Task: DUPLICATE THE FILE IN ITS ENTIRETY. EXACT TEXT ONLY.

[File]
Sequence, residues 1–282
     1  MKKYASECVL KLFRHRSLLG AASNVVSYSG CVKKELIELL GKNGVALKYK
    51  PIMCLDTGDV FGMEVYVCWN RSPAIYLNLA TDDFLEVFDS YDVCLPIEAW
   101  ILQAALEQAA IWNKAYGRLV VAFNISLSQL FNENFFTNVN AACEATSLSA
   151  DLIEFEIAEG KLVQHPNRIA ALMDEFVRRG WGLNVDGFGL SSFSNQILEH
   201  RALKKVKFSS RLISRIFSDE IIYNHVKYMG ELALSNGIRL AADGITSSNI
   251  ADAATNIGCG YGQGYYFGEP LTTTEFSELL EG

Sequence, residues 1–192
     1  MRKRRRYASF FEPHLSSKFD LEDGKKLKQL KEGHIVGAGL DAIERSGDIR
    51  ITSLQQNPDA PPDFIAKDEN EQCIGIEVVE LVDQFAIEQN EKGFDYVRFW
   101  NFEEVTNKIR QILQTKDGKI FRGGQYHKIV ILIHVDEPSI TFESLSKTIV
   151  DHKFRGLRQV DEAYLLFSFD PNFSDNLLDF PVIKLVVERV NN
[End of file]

Sequence, residues 1–282
     1  MKKYASECVL KLFRHRSLLG AASNVVSYSG CVKKELIELL GKNGVALKYK
    51  PIMCLDTGDV FGMEVYVCWN RSPAIYLNLA TDDFLEVFDS YDVCLPIEAW
   101  ILQAALEQAA IWNKAYGRLV VAFNISLSQL FNENFFTNVN AACEATSLSA
   151  DLIEFEIAEG KLVQHPNRIA ALMDEFVRRG WGLNVDGFGL SSFSNQILEH
   201  RALKKVKFSS RLISRIFSDE IIYNHVKYMG ELALSNGIRL AADGITSSNI
   251  ADAATNIGCG YGQGYYFGEP LTTTEFSELL EG

Sequence, residues 1–192
     1  MRKRRRYASF FEPHLSSKFD LEDGKKLKQL KEGHIVGAGL DAIERSGDIR
    51  ITSLQQNPDA PPDFIAKDEN EQCIGIEVVE LVDQFAIEQN EKGFDYVRFW
   101  NFEEVTNKIR QILQTKDGKI FRGGQYHKIV ILIHVDEPSI TFESLSKTIV
   151  DHKFRGLRQV DEAYLLFSFD PNFSDNLLDF PVIKLVVERV NN